3. Begin to lower yourself until your right thigh is roughly parallel with the floor, and your left knee is nearly touching the floor.
  4. Pause, then straighten your legs so that you return to the starting position.
  5. Do 10-15 reps and then repeat on the other leg. 

Leg extensions

Despite there being quad-dominant compound exercises, a quad isolation exercise, like. leg extensions, help zone in on your quads only. This allows you to focus entirely on your quads without needing to recruit other muscles, thus helping you build up your quads so you don't have any muscle imbalances! Luckily, most gyms have leg extensions machines so you can start building stronger quads.

How to do it:

  1. Select the desired resistance on the weight stack and insert the pin. Sit down and position your shins behind the pad at the base of the machine.
  2. Take a deep breath and extend your legs as you flex your quadriceps so that they are lifting the weight. As you lock out the knees, exhale to complete the repetition.
  3. Slowly lower your feet back to the starting position.

Leg press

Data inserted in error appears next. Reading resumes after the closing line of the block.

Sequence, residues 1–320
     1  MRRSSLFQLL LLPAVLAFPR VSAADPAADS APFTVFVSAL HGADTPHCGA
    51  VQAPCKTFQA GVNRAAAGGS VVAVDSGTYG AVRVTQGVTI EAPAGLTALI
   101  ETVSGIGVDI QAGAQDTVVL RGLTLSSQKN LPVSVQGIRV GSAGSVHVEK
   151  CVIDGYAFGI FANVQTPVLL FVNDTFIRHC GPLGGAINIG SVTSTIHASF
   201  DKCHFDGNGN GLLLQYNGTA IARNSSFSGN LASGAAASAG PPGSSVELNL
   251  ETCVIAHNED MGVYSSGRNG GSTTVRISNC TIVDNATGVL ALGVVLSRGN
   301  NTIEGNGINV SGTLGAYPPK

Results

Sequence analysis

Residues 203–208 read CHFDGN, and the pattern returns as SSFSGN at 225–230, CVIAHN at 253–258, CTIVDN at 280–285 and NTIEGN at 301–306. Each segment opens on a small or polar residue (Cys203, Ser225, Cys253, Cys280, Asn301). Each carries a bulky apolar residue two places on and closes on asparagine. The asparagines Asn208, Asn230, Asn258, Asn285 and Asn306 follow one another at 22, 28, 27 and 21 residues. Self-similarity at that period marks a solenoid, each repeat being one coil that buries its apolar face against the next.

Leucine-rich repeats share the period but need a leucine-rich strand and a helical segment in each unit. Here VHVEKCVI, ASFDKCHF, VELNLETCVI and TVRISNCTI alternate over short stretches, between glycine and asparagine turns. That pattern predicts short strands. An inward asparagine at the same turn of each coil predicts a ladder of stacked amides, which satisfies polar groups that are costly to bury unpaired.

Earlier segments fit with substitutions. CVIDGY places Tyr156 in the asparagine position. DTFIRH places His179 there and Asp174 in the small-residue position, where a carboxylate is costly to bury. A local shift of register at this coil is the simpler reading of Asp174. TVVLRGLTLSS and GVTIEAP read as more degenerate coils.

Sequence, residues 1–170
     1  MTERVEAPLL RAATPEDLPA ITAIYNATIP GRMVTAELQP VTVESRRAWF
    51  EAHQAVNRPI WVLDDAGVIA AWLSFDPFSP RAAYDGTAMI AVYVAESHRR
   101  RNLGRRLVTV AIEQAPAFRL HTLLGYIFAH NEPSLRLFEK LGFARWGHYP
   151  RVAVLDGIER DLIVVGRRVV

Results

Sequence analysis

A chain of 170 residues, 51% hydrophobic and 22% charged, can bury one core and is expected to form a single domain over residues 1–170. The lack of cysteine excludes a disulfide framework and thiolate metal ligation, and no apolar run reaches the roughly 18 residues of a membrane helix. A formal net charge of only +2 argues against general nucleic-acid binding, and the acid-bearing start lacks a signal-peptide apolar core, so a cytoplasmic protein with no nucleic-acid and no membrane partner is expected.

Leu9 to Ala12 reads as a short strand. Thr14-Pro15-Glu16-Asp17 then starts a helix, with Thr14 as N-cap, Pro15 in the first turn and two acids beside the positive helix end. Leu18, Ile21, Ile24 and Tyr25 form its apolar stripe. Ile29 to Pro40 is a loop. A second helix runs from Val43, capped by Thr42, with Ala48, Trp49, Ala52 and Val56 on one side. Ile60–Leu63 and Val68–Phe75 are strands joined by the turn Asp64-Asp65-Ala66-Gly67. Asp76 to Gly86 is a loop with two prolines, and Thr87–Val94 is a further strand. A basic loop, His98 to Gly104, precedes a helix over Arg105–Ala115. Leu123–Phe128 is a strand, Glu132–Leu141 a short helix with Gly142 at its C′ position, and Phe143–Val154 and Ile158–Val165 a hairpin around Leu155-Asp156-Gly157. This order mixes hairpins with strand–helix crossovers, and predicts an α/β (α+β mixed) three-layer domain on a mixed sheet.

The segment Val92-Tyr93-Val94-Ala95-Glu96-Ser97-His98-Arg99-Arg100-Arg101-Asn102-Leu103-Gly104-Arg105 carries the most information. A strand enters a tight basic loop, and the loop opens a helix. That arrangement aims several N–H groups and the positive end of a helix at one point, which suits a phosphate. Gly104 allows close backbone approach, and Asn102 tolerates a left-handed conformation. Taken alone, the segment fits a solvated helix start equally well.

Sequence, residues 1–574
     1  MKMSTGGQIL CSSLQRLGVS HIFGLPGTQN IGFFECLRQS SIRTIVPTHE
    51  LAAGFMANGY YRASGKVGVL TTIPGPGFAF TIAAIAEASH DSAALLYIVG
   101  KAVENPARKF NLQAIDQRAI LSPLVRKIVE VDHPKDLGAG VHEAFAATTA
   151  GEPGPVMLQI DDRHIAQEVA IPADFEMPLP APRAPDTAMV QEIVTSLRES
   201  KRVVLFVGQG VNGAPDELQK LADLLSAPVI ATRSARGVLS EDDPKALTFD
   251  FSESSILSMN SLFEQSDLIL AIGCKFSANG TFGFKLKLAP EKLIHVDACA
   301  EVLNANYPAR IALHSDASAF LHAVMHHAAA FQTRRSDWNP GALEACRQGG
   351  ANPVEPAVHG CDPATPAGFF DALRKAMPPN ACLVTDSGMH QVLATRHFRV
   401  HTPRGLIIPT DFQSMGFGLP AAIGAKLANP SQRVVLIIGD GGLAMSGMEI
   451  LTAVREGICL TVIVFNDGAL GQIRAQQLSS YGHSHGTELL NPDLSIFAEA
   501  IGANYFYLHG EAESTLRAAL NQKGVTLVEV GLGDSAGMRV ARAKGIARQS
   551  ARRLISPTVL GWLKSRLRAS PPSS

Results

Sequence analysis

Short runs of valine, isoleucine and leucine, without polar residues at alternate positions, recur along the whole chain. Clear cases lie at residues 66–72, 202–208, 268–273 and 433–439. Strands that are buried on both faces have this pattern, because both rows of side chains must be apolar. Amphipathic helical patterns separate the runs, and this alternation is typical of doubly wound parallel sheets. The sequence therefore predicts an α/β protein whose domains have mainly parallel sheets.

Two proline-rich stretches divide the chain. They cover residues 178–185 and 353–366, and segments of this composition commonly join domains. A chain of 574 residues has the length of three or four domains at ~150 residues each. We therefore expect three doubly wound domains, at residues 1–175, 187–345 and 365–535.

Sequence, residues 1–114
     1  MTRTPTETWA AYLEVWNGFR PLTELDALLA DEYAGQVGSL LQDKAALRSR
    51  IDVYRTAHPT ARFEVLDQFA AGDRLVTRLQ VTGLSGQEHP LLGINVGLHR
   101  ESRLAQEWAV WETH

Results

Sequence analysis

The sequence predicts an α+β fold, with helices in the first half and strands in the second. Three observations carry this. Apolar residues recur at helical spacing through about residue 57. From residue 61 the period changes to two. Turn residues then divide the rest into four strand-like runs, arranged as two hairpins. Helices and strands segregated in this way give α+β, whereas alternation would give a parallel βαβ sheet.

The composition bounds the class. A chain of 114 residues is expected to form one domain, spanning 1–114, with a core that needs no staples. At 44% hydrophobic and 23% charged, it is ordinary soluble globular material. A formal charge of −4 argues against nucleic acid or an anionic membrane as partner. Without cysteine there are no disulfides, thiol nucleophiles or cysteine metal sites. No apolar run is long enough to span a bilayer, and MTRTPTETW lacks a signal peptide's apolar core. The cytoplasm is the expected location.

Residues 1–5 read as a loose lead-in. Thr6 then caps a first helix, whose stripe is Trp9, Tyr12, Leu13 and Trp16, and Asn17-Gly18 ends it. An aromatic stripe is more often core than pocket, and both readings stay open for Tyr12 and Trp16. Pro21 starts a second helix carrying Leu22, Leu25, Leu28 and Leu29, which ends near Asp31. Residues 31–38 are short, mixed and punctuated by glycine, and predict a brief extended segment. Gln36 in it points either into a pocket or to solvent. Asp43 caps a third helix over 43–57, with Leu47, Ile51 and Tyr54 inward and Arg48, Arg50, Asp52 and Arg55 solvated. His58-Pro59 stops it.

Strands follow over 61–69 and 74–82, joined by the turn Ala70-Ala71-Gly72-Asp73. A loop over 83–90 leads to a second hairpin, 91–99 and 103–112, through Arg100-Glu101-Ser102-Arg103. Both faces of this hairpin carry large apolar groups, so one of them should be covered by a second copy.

The leg press machine works similarly to a squat except it doesn't involve balancing the weight with your upper body, allowing you to pack on more weight! It may not be as effective as a barbell back squat but it still makes for an excellent quad-strengthening exercise that you should incorporate in your leg workouts.

How to do it:

  1. Using a leg press machine, sit down on the machine and place your legs on the platform directly in front of you at a medium (shoulder-width) foot stance.
  2. Lower the safety bars holding the weighted platform in place and press the platform all the way up until your legs are fully extended in front of you. Your torso and legs should make a perfect 90-degree angle. This will be your starting position.
  3. As you inhale, slowly lower the platform until your legs make a 90-degree angle.
  4. Pushing mainly with the heels of your feet and using the quadriceps go back to the starting position as you exhale.

Goblet squats

The goblet squat is a great beginner exercise before attempting the barbell front squat. It involves holding either a dumbbell or kettlebell in front of your chest to help develop your quads, and it's also easier on your back and shoulders than the barbell front squat.

How to do it:

  1. Stand holding a dumbbell by the horns close to your chest. This will be your starting position.
  2. Descend into a squat position, and go as deep as you can without losing your balance or hyperextending your back. Keep your chest and head up, and your back straight.
  3. At the bottom position, pause and use your elbows to push your knees out. Return to the starting position.

Bulgarian split squats